Seeks to fully rehabilitate Nepos as a writer emblematic of the Italian intelligentsia

Table of contents

Table of Contents
Chapter 1: Nepos' Nachleben.
            I: Ancient Criticism.
            II: Esteem for and Influence of Nepos.
            III: Nepos, Atticus, and Varro.
            IV: Further Influences on Roman Literary Culture.
            V. Nepos and the Formation of the Modern Nation-State.
Chapter 2: Error and Accuracy in Nepos.
            I: The Origin of a Skewed View.
            II: Errors in Plain Sight?
            III: The Limits of Memory and the Purpose of Biography.
            IV: Projecting Expectations.
            V: Source or Inventio?
            VI: The Infinite Generation of Errors.
Chapter 3: The Sources of a Learned Biographer.
            I: Nepos' Mastery of Greek.
            II: The Direct Use of Sources.
            III:  A New Picture of Nepos the Scholar.
Chapter 4: Nepos' Contemporary Relationships.
            I: Catullus and Cicero.
            II: Titus Pomponius Atticus.
            III: Nepos' Purpose and Audience.
Chapter 5: The Fragments of Nepos and their Cultural-Ideological Context.
            I: Nepos in the wider Discourse of Roman Decadence.
            II: Nepos as Elder.
            III: Nepos and the New Archaic Lifestyle.
            IV: Nepos and Cato the Elder.
            V: Nepos at the Intersection of Culture and Power.
Chapter 6: Cornelius Nepos and Triumviral Political Ideology.
            I. Introduction: Nepos and the Transition from Republic to Empire.
            II: A "Just" Tyrant? The Miltiades.
            III: The Anti-triumviral, Anti-tyrannical Stance of the Thrasybulus.
            IV: Tyranny and Faction in the Alcibiades, Phocion and Dion.
            V: Obedient Generals: Agesilaus, Epaminondas, Scipio Africanus and the Senate.
            VI: Nepos and the Political Environment at Rome.
Chapter 7: Cornelius Nepos and the Articulation of Political Etiquette.
            I: The Extraordinary Nature of Nepos' Generals.
            II: Managing Fear and Resentment in the Lives.
            III: The Timoleon: A Literary Model for the Principate.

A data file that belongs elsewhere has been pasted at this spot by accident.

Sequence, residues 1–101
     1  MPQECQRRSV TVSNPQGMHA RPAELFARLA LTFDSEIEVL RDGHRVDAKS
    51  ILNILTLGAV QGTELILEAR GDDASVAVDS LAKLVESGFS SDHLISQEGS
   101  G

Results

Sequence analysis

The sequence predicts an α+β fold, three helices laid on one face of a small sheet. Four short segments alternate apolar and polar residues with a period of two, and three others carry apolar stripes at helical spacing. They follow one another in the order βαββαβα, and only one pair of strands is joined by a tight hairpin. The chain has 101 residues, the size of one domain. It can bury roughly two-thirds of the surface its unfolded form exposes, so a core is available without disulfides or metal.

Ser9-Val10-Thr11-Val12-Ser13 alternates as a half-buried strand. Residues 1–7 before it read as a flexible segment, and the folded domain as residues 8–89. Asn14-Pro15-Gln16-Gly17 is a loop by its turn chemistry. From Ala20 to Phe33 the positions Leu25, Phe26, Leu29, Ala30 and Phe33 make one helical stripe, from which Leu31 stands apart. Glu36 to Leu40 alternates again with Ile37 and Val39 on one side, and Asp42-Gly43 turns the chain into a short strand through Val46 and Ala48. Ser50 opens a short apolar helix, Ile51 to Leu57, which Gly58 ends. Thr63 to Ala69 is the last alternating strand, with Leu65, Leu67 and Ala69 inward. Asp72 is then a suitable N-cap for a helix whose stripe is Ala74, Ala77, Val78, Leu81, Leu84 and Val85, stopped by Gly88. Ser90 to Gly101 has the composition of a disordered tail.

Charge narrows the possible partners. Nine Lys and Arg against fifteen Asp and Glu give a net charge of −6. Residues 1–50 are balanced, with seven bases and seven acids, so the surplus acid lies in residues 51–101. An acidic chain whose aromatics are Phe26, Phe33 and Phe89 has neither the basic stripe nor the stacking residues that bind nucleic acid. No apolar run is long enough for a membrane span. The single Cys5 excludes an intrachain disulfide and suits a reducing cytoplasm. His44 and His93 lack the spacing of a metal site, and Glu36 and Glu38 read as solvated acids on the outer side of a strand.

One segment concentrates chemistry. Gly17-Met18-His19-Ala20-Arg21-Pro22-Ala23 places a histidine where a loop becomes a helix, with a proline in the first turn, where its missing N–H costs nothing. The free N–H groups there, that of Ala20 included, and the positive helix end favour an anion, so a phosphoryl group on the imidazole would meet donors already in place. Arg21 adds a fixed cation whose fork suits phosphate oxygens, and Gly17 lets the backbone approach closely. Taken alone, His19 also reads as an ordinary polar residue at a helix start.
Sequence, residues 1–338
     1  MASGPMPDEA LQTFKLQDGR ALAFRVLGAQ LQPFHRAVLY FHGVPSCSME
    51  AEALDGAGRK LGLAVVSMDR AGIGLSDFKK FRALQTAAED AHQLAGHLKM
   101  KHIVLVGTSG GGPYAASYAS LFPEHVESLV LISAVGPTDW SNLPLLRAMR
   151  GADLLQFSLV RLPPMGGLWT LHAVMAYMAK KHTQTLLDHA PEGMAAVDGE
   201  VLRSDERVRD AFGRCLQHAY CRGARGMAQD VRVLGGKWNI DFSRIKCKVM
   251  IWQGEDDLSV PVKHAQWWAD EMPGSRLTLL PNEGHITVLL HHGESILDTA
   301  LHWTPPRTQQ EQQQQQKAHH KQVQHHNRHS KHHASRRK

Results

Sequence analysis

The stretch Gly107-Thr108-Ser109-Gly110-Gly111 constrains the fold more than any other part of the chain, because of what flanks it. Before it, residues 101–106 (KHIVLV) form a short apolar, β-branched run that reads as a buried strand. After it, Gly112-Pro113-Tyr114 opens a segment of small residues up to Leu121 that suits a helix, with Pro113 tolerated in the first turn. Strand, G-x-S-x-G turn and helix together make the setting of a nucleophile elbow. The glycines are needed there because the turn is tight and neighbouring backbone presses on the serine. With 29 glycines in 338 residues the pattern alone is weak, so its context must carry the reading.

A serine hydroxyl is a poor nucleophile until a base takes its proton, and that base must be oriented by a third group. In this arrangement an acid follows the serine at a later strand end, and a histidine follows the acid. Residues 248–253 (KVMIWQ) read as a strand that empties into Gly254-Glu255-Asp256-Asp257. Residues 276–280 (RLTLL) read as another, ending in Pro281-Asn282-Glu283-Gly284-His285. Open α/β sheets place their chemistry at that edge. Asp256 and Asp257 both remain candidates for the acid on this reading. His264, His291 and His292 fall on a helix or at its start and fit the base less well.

IV: Recusatio, Modestia and other Points of Contact with Imperial Ideology.
Chapter 8: Concluding Remarks.
            I. A Paradigm Shift for Nepos.
            II. Nepos' Vocabulary of Leadership and its Applicability to Roman Experience.
            III. Nepos and the Articulation of Imperial Ideology.


Roman author Cornelius Nepos wrote at a very dynamic time in Roman history, but oddly enough little has been said about what his surviving work as a whole can tell us about that period. In the scholarship of the nineteenth and twentieth centuries, the author was much maligned as inaccurate, simple-minded, and derivative, and thus it has been hard to make the case that the evidence he provides is important or even useful. John Lobur’s work rehabilitates Nepos to show that in fact he should be understood as an emblematic member of the Italian intelligentsia, one well-positioned to write narratives of great potency with respect to the ideological tenor of emerging Roman imperial culture.

Cornelius Nepos: A Study in the Evidence and Influence begins by exploring the writer's ancient reception, which suggests he was in no way seen as beneath consideration by the Romans themselves. The volume then deconstructs the critical framework that cast him as an "inferior" author in the classical canon. What emerges is an author who reworked Greek historical narratives in a learned, sophisticated way, yet one still limited by the compositional logistics and limitations inherent in ancient scholarship. The study then explores his contemporary relationships and embeds his work among the crucial ideological activity at play in the late Republic and Triumviral periods. Cornelius Nepos spends considerable time on the fragmentary evidence (which highlights Nepos' interest in changes in fashion and consumption) to suggest that he was a valued cultural elder who informed a public eager to recover a sense of tradition during a period of bewilderingly fast social and cultural change. The book finishes with a thematic examination of the entire Lives of the Foreign Commanders (a set of biographies on ancient non-Roman generals) to show that despite the expression of very “Republican” sentiments, he was in fact fashioning an ideological framework for something imperial and quasi-monarchic which, though autocratic, was still antityrannical and imagined as resting on a broad and “democratic” foundation of social consent. Nepos saw that Rome would soon be ruled by one person, and his biographies show how the elites of the day both processed that reality and attempted to circumscribe it for good ends through the creation of new models of legitimacy.  

John Alexander Lobur is Associate Professor of Classics at the University of Mississippi.

"Lobur's Nepos is an innovative and sophisticated political thinker. ...this book is a thorough, well-written history of Nepos’s reception and a careful investigation of Nepos as a political thinker."


"Engaging and densely argued."
The Classical Review

- The Classical Review

"'Rehabilitation' is a tricky business. For it involves revisiting both the ancient evidence and the wounds inflicted by modern disparagement while offering up new ways to approach and understand the author and his work. By contrast, casting a (colonialist) slur is easy. Happily, Lobur is more than up to the challenge here."

- Grant A. Nelsestuen